Guillermo del Toro got the idea for “The Shape of Water” in 2011, but he says the project really began at age 6. That’s when he saw the 1954 movie “The Creature From the Black Lagoon,” with underwater shots of the Gill-Man reaching out toward the legs of Julie Adams as she swam. He thought it was so romantic and exciting that he assumed the two would end up together. He was shocked when they didn’t.
“I decided I would someday have to correct that,” he says.
The Fox Searchlight film somehow balances romance, fantasy and social commentary. Another feat of magic: “Shape” re-creates an elaborate world within 1962 Baltimore, on a budget of only $19.3 million. Compare that with some of the $200 million-plus budgets of the past year.
Everything about the movie is designed to be a little familiar but unfamiliar.
That starts with the first shot: Both the first and the last scenes take place underwater and they have a dreamlike quality because the filmmakers employed the rarely used dry-for-wet technique.
“We couldn’t afford huge tank work,” says del Toro. “In the opening and closing, there isn’t a single drop of water. You fill the stage with smoke, shoot it a little in slow motion, and set a fan to move the fabric and the hair. We hung a lot of furniture with piano wires. Then you add little bubbles and fish digitally.
Popular on Variety
“The opening is so important. I wanted to show this is a classical movie, like Douglas Sirk, so it needs to be a flowing camera, with old-style moviemaking; this is a movie that is in love with cinema. We wanted you to know from the first image.”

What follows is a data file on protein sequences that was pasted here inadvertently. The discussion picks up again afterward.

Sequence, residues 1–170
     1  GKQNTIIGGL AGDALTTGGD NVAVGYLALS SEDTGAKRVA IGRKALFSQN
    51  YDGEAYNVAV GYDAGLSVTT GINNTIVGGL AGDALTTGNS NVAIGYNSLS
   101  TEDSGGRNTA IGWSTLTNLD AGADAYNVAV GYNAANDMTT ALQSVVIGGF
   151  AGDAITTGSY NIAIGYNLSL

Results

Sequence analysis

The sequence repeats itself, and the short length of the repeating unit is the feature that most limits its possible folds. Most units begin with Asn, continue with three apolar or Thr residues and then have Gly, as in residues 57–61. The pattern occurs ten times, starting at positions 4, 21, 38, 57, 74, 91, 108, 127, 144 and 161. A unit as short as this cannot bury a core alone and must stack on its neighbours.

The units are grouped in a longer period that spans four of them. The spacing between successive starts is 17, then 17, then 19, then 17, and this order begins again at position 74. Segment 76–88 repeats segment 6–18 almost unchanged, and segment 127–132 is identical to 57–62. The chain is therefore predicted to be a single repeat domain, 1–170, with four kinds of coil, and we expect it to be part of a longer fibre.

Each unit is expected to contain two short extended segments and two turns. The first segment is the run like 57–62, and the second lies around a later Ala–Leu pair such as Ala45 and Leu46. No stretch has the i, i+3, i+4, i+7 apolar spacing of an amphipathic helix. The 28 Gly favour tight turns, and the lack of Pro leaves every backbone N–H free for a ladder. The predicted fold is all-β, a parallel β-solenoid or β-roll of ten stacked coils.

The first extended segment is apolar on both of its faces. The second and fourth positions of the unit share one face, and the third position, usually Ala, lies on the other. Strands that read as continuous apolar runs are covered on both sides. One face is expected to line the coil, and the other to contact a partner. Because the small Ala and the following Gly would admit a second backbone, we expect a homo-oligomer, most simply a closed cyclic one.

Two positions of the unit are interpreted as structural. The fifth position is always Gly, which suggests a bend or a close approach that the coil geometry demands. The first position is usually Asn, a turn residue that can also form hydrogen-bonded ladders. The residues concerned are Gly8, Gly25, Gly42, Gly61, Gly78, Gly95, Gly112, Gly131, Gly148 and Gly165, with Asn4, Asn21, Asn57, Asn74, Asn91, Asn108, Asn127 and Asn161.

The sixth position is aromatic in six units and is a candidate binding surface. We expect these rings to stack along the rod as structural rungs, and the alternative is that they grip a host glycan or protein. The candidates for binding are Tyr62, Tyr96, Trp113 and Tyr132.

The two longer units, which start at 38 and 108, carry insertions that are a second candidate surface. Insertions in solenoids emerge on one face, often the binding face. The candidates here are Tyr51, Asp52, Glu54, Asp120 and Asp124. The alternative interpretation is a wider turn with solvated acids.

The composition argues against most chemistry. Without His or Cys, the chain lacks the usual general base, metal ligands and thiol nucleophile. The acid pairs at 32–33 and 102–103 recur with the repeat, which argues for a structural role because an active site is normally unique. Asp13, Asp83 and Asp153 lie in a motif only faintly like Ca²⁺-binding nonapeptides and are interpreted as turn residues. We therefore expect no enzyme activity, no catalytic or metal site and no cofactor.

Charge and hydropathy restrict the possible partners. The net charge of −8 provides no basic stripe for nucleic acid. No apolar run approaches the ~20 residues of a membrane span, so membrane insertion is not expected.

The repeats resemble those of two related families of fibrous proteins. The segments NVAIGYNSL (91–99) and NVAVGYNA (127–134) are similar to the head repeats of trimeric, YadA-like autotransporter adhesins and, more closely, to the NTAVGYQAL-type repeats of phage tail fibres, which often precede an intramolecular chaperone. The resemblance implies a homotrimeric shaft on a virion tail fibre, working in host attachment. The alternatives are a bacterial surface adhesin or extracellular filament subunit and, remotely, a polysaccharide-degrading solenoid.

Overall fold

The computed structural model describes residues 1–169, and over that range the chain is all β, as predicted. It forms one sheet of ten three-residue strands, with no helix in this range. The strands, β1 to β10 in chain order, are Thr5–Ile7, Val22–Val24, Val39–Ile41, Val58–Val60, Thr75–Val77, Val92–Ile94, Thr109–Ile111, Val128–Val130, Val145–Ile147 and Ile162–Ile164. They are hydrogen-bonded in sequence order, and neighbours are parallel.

The filmmaker was attached to a 2002 Universal remake of “Black Lagoon,” which never happened. But he always loved the concept and in 2011 Daniel Kraus, his collaborator on “Trollhunters,” mentioned his idea of a creature in a lab who forms a relationship with a janitor. Del Toro immediately bought the concept and paid people out of his own pocket to develop a look for the creature. (The script is by del Toro and Vanessa Taylor.)
“If this was the 1950s,” del Toro says, “the hero would be Strickland [Michael Shannon’s character]. Strickland represents three things I find terrifying: order, certainty and perfection. He wants those three, which are impossible and they represent the torture of a life, because no human can have any of them.”
The filmmaker worked with costume designer Luis Sequeira and production designer Paul Denham Austerberry to blend ultra-realism with fantasy elements. “I wanted Strickland to be treated and dressed like the hero. The lapels must fall into place exactly.”
The apartments of Eliza (Sally Hawkins) and her friend Giles (Richard Jenkins) were imagined as a huge room that had been divided by a new wall. “The windows that they share are two sides of a single character.”
But her apartment is color-coded in blues and cyan. “You cross the corridor, and Giles’ apartment is perpetually golden light. The other houses, Strickland’s, Zelda’s, they’re all in daylight colors. They are air — golden, orange, yellows. Eliza is water, but they’re air,” he says matter-of-factly.
“The color that we used very pointedly was green. Green is the color of the future. Those pies, the Jello, the lab. That’s color-coded, but it’s also storytelling in a very subtle way. Same with the wardrobe.”
And the music score by Alexandre Desplat conveys all the tension, humor and romance of the film.
Del Toro concludes, “The movie is about love. That’s the one force we’re really afraid to talk about now.”